Wednesday, November 5, 2008

The Day After

Like most (if not all) of you, I am walking around today in a euphoric daze. Every time I hear the words "President-elect Obama" on the news I can't help breaking out into a big shit-eating grin. It's really true. It happened. America and Americans have turned a page in our ugly history of race relations. Not to mention we elected the right person for the job, someone with intelligence, insight, a deliberate (and-yes, I'll dare to say it-nuanced) approach to problem-solving, intellectual curiosity and enough sense of self to not be threatened by differences, whether among people or ideas.

Today on NPR's Talk of the Nation, Neil Conan interviewed Bernice Johnson Reagon, best known as a founding member of the a capella group Sweet Honey in the Rock; she's also a cultural historian and an amazing woman of many other talents. (I like to paraphrase something she said once about coalition-building: "If you are comfortable with the positions and ideas of everyone in your coalition, your coalition isn't big enough.")

Today she talked about her pride and joy in bearing witness to this moment in history. The phrase struck me; it's the title of an anthology of selections taken from different Afro-American biographies by Henry Louis Gates, Jr., one of our nation's foremost scholars of Afro-American and African history. To me, bearing witness suggests not only seeing or experiencing something first-hand, but proclaiming it publicly. It is both passive and active. 

As a nation, we have just borne witness to something many believed would never happen in their lifetime. It is, by any measure, astonishing. But we didn't just see this happen; we helped make it happen. This could arguably be called the first DIY presidential election in American history.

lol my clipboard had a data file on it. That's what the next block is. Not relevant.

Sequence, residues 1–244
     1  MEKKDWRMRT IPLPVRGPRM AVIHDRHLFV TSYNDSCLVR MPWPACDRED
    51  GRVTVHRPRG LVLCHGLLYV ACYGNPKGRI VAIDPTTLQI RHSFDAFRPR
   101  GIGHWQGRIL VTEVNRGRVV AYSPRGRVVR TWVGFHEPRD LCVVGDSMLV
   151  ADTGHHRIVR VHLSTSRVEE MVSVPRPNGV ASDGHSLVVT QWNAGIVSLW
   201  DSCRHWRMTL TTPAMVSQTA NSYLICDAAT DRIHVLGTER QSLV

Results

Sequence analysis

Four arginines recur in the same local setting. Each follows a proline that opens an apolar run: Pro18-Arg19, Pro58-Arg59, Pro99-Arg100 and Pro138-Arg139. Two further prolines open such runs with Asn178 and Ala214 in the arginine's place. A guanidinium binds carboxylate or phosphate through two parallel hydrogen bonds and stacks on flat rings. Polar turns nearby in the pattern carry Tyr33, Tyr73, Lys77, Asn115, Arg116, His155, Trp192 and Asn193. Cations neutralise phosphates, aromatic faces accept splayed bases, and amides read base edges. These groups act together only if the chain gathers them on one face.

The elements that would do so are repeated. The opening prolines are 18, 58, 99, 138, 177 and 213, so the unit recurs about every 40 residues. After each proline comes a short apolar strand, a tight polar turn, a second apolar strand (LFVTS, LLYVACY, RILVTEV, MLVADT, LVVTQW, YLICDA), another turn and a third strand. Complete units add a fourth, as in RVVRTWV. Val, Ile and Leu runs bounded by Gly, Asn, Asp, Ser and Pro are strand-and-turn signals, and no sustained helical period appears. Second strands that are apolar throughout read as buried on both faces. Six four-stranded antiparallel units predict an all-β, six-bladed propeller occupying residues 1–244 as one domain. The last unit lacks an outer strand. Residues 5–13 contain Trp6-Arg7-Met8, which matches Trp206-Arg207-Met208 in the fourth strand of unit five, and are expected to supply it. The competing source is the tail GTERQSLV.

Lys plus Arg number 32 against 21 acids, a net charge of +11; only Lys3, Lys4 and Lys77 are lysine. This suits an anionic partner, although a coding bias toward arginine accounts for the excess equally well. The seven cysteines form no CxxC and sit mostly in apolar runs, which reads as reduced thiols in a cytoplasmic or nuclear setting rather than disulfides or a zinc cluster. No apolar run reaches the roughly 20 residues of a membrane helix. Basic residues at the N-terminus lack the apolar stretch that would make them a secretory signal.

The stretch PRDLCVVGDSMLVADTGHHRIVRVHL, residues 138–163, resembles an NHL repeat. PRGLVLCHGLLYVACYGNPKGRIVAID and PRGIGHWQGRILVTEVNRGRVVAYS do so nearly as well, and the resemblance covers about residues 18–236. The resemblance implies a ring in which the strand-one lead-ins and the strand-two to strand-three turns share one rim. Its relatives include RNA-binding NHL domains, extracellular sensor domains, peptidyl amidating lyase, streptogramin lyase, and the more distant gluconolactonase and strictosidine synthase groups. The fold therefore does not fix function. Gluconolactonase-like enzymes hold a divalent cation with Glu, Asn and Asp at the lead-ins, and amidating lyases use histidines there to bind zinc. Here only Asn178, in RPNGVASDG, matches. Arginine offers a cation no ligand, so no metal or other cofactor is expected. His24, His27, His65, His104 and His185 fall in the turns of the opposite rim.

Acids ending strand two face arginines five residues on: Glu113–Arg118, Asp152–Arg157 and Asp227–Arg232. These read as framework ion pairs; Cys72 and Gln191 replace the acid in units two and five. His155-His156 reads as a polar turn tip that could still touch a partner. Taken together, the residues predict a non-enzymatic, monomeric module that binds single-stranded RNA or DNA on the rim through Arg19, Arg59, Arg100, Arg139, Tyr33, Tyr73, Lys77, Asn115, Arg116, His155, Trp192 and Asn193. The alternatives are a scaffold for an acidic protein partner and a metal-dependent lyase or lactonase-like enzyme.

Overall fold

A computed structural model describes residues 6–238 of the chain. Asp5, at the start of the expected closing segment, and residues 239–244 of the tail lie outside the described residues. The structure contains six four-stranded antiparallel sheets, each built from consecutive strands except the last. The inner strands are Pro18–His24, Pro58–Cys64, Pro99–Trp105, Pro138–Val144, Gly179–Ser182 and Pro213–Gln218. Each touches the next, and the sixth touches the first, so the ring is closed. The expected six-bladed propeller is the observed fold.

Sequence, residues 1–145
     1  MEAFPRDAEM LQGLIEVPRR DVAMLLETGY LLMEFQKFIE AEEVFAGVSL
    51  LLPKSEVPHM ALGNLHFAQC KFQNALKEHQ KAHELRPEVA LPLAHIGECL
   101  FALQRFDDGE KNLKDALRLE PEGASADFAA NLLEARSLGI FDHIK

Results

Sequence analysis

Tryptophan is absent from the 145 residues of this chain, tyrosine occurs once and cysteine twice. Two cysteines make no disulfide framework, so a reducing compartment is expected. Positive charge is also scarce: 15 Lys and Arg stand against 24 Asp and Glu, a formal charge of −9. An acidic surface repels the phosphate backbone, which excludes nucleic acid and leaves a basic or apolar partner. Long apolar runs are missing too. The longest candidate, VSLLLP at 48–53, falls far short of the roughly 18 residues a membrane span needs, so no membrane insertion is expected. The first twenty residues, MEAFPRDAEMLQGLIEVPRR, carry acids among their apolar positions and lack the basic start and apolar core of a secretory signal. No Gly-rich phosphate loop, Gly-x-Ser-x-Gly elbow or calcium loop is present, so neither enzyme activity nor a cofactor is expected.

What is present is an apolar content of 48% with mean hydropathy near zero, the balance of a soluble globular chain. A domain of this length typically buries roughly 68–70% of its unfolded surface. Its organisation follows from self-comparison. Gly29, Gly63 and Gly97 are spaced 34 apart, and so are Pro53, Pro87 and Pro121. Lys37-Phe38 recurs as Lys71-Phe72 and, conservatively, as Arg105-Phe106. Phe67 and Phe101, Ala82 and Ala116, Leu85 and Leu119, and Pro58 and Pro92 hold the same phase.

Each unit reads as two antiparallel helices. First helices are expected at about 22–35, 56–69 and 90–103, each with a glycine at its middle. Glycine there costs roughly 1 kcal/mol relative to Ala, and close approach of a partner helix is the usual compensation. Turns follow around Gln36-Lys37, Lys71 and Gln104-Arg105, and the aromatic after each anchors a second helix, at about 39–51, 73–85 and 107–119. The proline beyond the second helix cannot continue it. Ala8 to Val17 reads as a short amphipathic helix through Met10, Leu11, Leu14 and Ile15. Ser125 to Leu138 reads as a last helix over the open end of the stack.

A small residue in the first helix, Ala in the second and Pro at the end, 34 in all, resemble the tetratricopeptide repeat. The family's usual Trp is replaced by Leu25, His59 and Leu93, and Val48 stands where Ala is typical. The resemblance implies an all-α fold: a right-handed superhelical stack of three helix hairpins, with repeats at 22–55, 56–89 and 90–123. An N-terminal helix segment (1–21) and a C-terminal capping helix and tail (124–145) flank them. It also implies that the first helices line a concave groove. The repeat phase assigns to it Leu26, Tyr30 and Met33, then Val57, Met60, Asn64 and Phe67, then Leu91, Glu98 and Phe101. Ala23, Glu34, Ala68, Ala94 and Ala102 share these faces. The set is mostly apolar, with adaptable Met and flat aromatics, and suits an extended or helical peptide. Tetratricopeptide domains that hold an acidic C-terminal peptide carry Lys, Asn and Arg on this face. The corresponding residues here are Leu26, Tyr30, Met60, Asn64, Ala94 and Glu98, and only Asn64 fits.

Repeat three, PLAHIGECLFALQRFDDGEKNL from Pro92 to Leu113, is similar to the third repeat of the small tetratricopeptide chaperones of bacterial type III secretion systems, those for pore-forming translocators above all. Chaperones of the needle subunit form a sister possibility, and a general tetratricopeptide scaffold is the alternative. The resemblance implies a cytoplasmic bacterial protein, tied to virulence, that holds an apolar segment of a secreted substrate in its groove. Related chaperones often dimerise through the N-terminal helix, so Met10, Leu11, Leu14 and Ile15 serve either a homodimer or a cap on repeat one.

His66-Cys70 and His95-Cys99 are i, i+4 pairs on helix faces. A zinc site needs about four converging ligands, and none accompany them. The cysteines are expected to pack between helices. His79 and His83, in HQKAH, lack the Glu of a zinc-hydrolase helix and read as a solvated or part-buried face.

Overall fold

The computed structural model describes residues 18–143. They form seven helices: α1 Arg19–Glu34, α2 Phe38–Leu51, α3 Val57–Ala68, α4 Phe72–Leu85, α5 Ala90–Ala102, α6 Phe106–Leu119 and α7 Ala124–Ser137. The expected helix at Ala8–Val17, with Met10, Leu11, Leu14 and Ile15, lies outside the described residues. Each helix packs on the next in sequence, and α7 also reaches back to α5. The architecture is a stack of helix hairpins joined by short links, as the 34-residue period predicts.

Okay, okay, so I'm guzzling the Kool-Aid a bit; sorry about that. Despite my high-flown rhetoric, I still have reservations about Obama. He's not as progressive as I'd like, particularly on energy issues and gay marriage. I have no real hope he'll be able to implement his health care program, not because he isn't sincere about prioritizing it, but because I have no idea how he'll finance it. All that notwithstanding, his election is amazing. The way he mobilized and inspired and fired up voters of all ages and backgrounds and the way he navigated through the shark-infested waters of a two-year campaign fills me with wonder.

And I got to see it happen, and even participate in it (I phone banked last weekend) in my own small way. I have no illusions about the uphill climb we as a nation face right now. Obama is not the Messiah. His election doesn't put an end to our problems, but I'd like to think his election is the first step towards resolving them.

Si se puede.

No comments: